Other scenarios in this disease are: severe varicella zoster infection, marrow aplasia, myelodysplasia, and leukemia. Currently, the penetrance appears to be complete with highly variable expression, especially with the milder mutations. Transplant success rates are high and appear to correct the infection and leukemic susceptibilities, as well as the pulmonary problems. The rate of progression of the disease is unknown, but it is likely that marrow function declines over time.
"What if" scenarios.
Pulmonary infiltrates should lead to consideration of both pulmonary alveolar proteinosis as well as infection with mycobacteria or fungi. Pulmonary hypertension has been seen in those with severe pulmonary alveolar proteinosis, and should be considered in the setting of hypoxemia. Marrow failure can be associated with disseminated infection, or be part of the underlying process; therefore, cultures and stains of the bone marrow should be performed, along with cytogenetics in any case in which this diagnosis is being considered. GATA2 deficiency can present in several ways, so should also be considered in cases of lymphedema, leukemia, myelodysplasia, pulmonary alveolar proteinosis and disseminated warts or mycobacterial infection.
GATA2 regulates early hematopoiesis, vascular and lymphatic formation, and some activities of mature cells, including regulation of endothelial factors and mature macrophage functions. Therefore, GATA2 deficiency has a wide range of clinical and pathologic consequences. The most likely mechanism of action is haploinsufficiency, since a large number of the mutations identified are deletions or protein-destabilizing.
The disease occurs spontaneously but is transmitted in a dominant pattern. There are many different mutations identified. Deletions have higher rates of lymphedema and deafness.
The likely explanation for the relatively normal hematopoietic function early in life, followed by cytopenias and marrow failure is that the haploinsufficient state allows an initial, and in some cases prolonged period of apparently normal hematopoiesis, followed by cytopenias, preferentially involving the monocytes, B cells, and NK cells. Whether these cytopenias are accompanied by pre-existing dysfunction is currently unresolved.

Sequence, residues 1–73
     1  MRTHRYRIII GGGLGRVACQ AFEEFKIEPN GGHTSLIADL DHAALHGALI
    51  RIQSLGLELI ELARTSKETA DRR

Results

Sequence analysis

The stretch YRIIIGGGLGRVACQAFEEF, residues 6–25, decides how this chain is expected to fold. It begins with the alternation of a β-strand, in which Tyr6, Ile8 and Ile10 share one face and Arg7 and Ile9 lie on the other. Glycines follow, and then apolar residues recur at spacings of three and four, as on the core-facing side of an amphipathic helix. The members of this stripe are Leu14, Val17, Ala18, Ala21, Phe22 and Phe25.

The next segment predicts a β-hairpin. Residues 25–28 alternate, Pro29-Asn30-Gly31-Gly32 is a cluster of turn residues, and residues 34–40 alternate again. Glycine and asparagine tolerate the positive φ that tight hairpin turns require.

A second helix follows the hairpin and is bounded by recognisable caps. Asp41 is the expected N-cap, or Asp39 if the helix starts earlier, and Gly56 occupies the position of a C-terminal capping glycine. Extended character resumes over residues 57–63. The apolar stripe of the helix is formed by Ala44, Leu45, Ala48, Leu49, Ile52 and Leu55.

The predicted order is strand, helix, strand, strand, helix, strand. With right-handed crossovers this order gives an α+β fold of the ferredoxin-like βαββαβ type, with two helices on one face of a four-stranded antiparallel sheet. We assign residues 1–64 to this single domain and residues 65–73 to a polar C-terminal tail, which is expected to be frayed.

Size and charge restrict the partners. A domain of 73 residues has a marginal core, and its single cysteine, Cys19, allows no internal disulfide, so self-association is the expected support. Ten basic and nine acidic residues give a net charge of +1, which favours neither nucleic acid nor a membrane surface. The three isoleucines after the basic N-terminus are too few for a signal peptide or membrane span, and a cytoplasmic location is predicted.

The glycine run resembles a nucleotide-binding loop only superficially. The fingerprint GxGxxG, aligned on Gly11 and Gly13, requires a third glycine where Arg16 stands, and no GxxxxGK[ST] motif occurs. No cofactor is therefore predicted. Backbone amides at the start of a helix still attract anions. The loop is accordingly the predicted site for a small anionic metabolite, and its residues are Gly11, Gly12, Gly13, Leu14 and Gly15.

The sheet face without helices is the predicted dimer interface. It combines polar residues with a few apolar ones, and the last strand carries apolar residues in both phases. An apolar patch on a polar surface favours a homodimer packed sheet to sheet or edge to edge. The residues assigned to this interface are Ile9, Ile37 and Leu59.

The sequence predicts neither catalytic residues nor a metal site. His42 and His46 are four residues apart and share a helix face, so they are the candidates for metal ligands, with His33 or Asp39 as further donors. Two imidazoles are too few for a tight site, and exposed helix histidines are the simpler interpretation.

What other clinical manifestations may help me to diagnose GATA2 Deficiency?
Important aspects of the history include: unusual severity of chicken pox, frequency and severity of warts, miscarriages, cervical smear results, history of panniculitis.
Significant findings on physical exam may include warts, including flat warts on the arms and face, clubbing, and lymphedema. Patients may also present with cutaneous lesions (purplish, palpable) that might be consistent with disseminated mycobacterial or fungal infection.
What other additional laboratory studies may be ordered?
CBC with differential, flow cytometric testing of B and NK cell number, cytogenetics of bone marrow, GATA2 sequencing.
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- Disorders of neutrophils: GATA2 Deficiency (also known as MonoMAC, DCML, Emberger, familial AML/MDS, classical NK cell deficiency)
- What every physician needs to know:
- Are you sure your patient has GATA2 Deficiency? What should you expect to find?
- Beware of other conditions that can mimic GATA2 Deficiency:
- Which individuals are most at risk for developing GATA2 Deficiency:
- What laboratory studies should you order to help make the diagnosis and how should you interpret the results?
- What imaging studies (if any) will be helpful in making or excluding the diagnosis of GATA2 Deficiency?
- If you decide the patient has GATA2 Deficiency, what therapies should you initiate immediately?
- More definitive therapies?
- What other therapies are helpful for reducing complications?
- What should you tell the patient and the family about prognosis?
- "What if" scenarios.
- What other clinical manifestations may help me to diagnose GATA2 Deficiency?
- What other additional laboratory studies may be ordered?